Bryce Harper told his wife, Kayla, he wanted to hear the Nationals’ offer. He figured he would return to Washington, the only place he played, and anchor himself there until gray started to creep into his famous follicles.
Then, he heard it.
It was lower than the original, chock full of deferred money, a lean on what had become a stagnant market for Harper’s services. The Nationals knew Harper would reject their initial offer to enter free agency. They knew he would reject their subsequent low-ball offer. They were only in for the brief optics of the idea. They were not steadfastly trying to retain Harper. He left for Philadelphia.
That’s reality. But, we’re here to play with alternative realities during “What if?” week. In this case, what if Bryce Harper re-signed with the Nationals?
First, picture the press conference: Harper sits down in Nationals Park, every local and national outlet is there, he reiterates his love for the city. He talks about raising children while working for the Nationals. His dad threw him pitches in the park just that prior summer. He hopes to do the same with his kids one day.
He’ll never be a free agent again. Harper’s time in Washington started when he was 19 years old. It will end when he is twice that age. Managing principal owner Mark Lerner will speak of Harper in paternal terms. Mike Rizzo will, as well. Scott Boras will pontificate. The media swath following the team will receive its typical jolt from Harper’s presence.
The Nationals now have the best outfield in baseball. And, it’s probably not close. They combine for 86 home runs and 13 WAR in 2019. Harper is engaged on defense, making them the best defensive outfield, too. Between his arm, Victor Robles’ arm and Juan Soto’s growth, few want to run on them.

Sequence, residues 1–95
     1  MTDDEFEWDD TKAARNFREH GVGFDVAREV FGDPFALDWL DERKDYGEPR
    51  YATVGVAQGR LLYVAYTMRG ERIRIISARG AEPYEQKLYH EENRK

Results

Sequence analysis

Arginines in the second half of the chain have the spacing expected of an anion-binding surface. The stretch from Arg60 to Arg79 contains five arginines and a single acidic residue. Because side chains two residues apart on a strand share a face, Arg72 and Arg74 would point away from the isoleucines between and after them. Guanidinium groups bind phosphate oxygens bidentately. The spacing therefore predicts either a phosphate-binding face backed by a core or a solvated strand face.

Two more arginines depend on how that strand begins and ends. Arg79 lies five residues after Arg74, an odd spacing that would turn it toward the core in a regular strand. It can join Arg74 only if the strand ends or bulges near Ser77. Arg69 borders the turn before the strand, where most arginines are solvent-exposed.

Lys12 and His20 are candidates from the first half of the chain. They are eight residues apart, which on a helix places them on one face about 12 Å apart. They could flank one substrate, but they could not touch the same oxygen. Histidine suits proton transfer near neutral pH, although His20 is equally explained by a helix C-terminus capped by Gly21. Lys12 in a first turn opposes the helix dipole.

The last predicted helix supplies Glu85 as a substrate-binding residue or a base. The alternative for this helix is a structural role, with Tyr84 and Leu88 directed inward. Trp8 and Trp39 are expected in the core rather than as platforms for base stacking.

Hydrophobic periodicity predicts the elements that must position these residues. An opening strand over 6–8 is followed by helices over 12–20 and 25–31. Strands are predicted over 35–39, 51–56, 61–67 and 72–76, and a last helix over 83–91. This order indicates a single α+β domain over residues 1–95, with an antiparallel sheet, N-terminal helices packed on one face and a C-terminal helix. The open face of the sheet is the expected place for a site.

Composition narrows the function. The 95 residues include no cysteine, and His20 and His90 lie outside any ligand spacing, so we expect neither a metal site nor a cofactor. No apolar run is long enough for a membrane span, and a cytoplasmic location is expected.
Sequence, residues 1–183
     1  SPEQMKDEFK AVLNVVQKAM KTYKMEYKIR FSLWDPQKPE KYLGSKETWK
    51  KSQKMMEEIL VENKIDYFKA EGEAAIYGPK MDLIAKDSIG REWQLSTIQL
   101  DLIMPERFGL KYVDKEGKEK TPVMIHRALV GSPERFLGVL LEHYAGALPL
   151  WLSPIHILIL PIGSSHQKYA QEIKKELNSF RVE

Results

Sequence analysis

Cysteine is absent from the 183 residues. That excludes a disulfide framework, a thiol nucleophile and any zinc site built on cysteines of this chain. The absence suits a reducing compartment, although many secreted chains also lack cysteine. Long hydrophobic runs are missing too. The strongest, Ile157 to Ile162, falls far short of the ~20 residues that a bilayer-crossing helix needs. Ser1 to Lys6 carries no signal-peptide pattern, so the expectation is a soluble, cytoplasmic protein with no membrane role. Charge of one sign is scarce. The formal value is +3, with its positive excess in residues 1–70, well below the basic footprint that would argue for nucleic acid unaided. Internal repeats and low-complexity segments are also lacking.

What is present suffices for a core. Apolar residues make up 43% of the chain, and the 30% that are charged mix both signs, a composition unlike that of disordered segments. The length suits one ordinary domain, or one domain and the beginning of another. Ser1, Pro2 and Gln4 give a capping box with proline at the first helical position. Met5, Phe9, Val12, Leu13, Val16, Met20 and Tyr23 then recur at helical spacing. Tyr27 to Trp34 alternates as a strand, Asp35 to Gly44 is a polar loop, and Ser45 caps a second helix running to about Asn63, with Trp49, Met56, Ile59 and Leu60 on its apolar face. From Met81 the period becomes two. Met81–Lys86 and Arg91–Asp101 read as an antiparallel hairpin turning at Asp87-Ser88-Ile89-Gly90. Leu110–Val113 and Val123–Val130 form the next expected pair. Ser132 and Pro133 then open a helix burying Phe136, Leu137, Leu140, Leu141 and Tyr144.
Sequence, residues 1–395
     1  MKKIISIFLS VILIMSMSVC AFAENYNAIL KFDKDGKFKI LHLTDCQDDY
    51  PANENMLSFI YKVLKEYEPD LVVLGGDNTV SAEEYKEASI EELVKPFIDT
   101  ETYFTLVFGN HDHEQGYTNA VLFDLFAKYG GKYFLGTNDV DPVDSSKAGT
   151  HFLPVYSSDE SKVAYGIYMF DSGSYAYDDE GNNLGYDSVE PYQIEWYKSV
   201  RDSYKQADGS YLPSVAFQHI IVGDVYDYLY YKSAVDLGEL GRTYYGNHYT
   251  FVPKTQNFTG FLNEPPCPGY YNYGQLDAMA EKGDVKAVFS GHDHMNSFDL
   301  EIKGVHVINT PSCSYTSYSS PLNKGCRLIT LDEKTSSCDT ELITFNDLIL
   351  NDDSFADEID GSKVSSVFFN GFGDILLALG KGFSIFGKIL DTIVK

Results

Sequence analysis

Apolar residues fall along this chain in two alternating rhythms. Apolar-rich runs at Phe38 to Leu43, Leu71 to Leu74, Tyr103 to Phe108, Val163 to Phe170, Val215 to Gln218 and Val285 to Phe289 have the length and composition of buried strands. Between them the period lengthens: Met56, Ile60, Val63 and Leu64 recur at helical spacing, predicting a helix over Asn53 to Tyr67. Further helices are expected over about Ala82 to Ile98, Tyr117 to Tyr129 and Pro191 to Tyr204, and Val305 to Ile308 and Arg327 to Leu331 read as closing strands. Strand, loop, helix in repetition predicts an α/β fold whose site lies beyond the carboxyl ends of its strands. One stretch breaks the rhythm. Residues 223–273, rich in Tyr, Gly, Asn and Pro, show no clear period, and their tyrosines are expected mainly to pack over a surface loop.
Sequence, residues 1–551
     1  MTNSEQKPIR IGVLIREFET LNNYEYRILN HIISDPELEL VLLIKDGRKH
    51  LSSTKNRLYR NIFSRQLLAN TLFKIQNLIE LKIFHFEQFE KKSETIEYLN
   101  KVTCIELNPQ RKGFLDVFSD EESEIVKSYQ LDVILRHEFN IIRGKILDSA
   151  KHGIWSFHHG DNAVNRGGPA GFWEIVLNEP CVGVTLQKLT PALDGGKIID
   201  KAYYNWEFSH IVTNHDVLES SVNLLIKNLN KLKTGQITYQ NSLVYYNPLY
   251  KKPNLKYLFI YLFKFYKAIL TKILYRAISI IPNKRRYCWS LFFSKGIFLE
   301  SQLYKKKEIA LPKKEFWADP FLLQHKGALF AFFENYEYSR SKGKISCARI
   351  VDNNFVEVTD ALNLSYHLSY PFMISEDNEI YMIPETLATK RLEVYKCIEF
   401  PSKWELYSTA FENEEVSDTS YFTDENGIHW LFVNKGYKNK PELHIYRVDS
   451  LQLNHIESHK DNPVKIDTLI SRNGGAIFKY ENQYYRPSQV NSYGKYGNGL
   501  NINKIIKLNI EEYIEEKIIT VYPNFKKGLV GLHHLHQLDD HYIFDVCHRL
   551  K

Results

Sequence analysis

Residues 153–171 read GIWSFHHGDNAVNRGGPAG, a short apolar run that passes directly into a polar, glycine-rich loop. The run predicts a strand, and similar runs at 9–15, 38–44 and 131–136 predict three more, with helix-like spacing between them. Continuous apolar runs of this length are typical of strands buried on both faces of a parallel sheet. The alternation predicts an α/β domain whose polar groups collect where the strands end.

And the lineup is devastating. Harper replaces Adam Eaton as the No. 2 hitter. Trea Turner still leads off, Anthony Rendon follows Harper, and Soto follows him. Instead of having the best 3-4 combination in baseball -- like they did with Rendon and Soto -- the Nationals have the best 2-3-4 mix, and, when Turner is healthy, possibly the best 1-4. On the days Howie Kendrick hits fifth, the OPS of each player looks like this: .850, .882, 1.010, .949, .966. They crush right-handed pitching.
Eaton is gone. The cost control in his team-option-laden contract is appealing, but his recent play and health concerns undermine his value. He fetches three prospects, one of which is a catcher, the other two low-level pitchers. Washington’s farm system desperately needs an influx of both.
The math problems begin the following year. Harper’s huge contract limits the Nationals’ flexibility. They paid him and Patrick Corbin. Now, Rendon is leaving and Stephen Strasburg has opted out. Ownership decides they can’t bring on another enormous contract. Both leave.
Their departure begins to stir animus toward Harper’s contract. He wanted all the money when it was due and not in deferrals. The organization capitulated. They will have to maneuver around the cost for the next decade. Max Scherzer coming off the books in two years will help. The competitive balance tax annually creeps upward. Soto and Robles severely out-perform their low-level contracts, providing some flexibility.
Harper is a salve for Rendon’s departure. Instead of Starlin Castro hitting third, it’s Soto because Davey Martinez decides stacking lefties doesn’t matter when it is these lefties. Castro hits fifth. The first baseman du jour hits cleanup. Fewer questions about the offense follow Washington into spring training 2020.
Kids keep coming to see Harper. His voice in the game grows as he ages. He hides less from the media, lets his guard down a bit more, while also measuring his words. Jayson Werth counsels him on the side. Ryan Zimmerman and Scherzer help him navigate in the clubhouse day-to-day. Once those two depart, Harper is the top voice for the organization. When things are bad, he needs to answer, absorb blame, motivate himself and his teammates as much as the latter can occur in baseball. He’s the franchise face, for better or worse, the next decade.
Does he have a 2019 World Series title to rest on? Perhaps. The offense and defense (were he to play defense with vigor like he did in Philadelphia and did not in 2018) would both be better. The pitching staff would be the same because ownership went over the CBT this one time to take a maximum swing. It’s the following year when things become tough. And the next decade in D.C. baseball would belong to him, no matter what.
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